Through a rich account of tuberculosis in Singapore from the mid-nineteenth century to the present day, this book charts the relationship between disease, society and the state, outlining the struggles of colonial and post-colonial governments to cope with widespread disease and to establish effective public health programmes and institutions. Beginning in the nineteenth century when British colonial administrators viewed tuberculosis as a racial problem linked to the poverty, housing and insanitary habits of the Chinese working class, the book goes on to examine the ambitious medical and urban improvement initiatives of the returning British colonial government after the Second World War. It then considers the continuation and growth of these schemes in the post-colonial period and explores the most recent developments which include combating the resurgence of TB and the rise of antimicrobial resistance.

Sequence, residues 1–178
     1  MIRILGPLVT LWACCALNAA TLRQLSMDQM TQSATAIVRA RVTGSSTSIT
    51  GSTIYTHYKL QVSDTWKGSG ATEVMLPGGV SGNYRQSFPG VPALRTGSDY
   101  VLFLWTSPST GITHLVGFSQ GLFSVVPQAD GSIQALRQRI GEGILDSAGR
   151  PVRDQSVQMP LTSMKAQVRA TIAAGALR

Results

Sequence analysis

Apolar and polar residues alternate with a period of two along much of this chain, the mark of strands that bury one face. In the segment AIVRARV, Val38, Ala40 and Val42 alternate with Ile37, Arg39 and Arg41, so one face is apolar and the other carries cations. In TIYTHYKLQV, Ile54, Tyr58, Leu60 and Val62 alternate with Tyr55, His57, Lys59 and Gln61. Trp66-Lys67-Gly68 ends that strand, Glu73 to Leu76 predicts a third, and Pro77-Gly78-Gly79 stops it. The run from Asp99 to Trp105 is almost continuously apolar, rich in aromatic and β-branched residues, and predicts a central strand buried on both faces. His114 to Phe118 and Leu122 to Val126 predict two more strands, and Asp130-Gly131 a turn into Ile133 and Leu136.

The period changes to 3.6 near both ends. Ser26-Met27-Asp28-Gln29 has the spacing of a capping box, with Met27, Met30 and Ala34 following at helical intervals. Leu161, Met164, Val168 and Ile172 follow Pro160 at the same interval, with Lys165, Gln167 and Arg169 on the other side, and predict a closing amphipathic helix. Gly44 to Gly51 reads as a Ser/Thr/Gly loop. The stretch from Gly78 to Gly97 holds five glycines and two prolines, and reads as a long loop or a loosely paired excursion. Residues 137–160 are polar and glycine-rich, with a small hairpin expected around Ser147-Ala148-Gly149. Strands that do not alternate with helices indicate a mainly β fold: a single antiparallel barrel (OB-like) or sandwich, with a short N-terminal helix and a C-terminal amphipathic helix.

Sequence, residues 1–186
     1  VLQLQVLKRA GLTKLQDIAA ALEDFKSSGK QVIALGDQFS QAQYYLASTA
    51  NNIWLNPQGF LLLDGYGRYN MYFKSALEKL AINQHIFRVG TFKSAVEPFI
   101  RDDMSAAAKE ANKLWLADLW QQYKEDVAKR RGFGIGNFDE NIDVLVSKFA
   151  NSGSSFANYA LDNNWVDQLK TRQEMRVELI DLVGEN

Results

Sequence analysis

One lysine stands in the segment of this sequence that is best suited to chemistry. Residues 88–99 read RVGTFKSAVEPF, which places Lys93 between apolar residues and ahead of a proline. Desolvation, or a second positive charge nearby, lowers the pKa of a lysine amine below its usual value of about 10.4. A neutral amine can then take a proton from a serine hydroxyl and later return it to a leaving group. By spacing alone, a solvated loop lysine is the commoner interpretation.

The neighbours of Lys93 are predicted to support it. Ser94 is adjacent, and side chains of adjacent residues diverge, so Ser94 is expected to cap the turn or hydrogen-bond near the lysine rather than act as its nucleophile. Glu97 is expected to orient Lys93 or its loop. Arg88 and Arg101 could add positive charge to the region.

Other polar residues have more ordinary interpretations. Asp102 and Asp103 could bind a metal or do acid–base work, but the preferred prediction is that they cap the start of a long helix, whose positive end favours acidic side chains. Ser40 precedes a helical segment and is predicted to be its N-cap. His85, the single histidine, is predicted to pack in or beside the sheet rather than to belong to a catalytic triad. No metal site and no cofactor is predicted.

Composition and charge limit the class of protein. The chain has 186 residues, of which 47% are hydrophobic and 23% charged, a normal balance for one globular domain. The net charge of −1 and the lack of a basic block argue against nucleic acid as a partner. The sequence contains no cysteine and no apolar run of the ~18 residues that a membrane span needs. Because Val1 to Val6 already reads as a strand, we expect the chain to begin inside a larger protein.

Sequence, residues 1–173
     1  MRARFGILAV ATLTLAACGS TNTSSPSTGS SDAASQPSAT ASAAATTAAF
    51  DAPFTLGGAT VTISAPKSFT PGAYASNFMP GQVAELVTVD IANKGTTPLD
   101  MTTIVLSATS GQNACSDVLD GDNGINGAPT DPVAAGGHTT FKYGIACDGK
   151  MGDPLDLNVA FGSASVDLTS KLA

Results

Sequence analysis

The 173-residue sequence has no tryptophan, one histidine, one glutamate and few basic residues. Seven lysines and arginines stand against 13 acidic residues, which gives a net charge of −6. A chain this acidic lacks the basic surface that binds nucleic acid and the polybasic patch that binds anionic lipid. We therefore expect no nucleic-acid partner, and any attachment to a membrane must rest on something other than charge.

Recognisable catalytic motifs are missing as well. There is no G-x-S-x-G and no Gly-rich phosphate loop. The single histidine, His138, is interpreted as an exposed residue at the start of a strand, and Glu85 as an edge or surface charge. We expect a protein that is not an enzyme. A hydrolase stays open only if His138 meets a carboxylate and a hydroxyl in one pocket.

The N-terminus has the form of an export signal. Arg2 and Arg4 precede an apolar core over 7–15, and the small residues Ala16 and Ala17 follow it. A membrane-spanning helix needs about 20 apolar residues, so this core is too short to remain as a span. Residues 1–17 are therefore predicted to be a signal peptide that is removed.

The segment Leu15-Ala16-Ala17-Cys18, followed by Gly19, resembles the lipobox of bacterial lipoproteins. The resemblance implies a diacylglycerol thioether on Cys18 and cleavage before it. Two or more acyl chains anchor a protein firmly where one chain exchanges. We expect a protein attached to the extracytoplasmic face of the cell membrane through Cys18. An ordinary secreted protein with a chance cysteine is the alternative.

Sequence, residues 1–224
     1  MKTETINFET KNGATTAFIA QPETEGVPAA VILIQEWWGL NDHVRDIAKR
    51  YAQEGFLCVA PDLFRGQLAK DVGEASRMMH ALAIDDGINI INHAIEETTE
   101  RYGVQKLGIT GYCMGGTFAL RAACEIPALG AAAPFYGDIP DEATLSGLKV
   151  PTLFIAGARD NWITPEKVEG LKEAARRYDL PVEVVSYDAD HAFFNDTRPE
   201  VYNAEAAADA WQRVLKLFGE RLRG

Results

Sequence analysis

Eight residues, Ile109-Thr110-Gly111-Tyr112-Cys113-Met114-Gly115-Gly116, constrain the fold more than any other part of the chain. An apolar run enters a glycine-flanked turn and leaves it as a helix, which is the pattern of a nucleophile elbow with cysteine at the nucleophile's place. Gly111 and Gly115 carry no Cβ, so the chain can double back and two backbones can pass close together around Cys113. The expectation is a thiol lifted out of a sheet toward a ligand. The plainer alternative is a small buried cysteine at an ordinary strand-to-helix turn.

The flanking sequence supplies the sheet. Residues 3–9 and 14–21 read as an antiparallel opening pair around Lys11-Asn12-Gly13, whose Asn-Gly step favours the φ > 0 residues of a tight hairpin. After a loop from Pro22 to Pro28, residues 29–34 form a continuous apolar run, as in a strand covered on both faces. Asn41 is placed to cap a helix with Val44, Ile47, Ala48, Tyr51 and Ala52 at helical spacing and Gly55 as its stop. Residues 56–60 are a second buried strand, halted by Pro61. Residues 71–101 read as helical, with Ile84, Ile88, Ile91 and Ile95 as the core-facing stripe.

chapter |9 pages


chapter 1|17 pages

The pauper hospital

chapter 2|17 pages

Disease of town-dwelling Chinese

chapter 3|15 pages

Houses and races of the colony

chapter 4|15 pages

Struggle for a post-war policy

chapter 5|15 pages

The Tuberculosis Control Unit

chapter 6|15 pages

The action programme

chapter 7|21 pages

Laboratory of citizenship

chapter 8|16 pages

Newborns and children of the nation

chapter 9|14 pages


The community against TB

chapter |5 pages